IN THE FOOTSTEPS OF A MASTER | Renoir’s Forgotten Home, Essoyes
Deep in the heart of French Champagne country, nestled amongst the curious comfort of Champagne’s picturesque vineyards, alchemy is at play. A mélange of myth and truth, an interplay between fable and fabric… I can’t quite put my finger on it. Hotel Le Marius spoils me with a sumptuous selection of breads, cheese, and apricot and fig jams for breakfast, the offering strengthened, predictably enough, with a robust gathering of lean meats and cold cuts. Breakfast in this tiny parlour arrives with views to the towering cathedral, lying no more than an audible gasp away. Despite the influx of beauty, a strange restlessness continues to tug away at me. This restlessness rises in crescendo as we reach the village of Essoyes, an unhurried drive away. Because we’re now in Renoir country, and my heart is wide awake to every moment.
The impressionist master spent over thirty summers in this picture-perfect little village. It’s not hard to see why. As I walk in his footsteps, as I see the sights he once laid eyes on and duly put to paint, many lifetimes ago, as I imbue the significance of this place he spent the last years of his life in, the cumulative effect is nothing short of surreal. This sense of surrealism seems even greater in his home; it lies eerily quiet and filled with echoes from the past.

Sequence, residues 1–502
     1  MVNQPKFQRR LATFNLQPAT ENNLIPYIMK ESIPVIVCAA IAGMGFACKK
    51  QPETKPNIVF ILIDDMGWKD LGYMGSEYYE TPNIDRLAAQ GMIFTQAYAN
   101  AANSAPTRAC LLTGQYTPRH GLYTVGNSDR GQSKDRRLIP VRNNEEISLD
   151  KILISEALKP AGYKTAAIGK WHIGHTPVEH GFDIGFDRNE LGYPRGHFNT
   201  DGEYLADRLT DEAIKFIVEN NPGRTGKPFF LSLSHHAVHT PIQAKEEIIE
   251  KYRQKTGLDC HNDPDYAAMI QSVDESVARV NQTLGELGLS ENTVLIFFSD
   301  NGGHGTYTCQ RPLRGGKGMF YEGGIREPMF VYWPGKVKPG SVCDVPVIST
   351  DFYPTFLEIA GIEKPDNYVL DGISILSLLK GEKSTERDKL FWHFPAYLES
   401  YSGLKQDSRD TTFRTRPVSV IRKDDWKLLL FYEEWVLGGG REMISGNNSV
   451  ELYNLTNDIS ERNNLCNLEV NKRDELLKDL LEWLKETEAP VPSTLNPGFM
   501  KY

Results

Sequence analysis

It’s as though I’ve stepped into a chapter of history that has never been opened up to the public, but soon will. The rooms lie still, hauntingly so. The garden surrounding the mansion flourishes with abundance. His private studio at the bottom of the garden, where a few of his stunning female portraits, a few scattered portraits of children, and a fleeting glimpse of his beloved muse and soulmate – Gabrielle – have been recreated to beautiful effect, is another fitting tribute to the near spiritual profundity of one Pierre-Auguste Renoir. The restlessness has abated, but the sense of beauty remains; it hovers above me, like a cherished halo.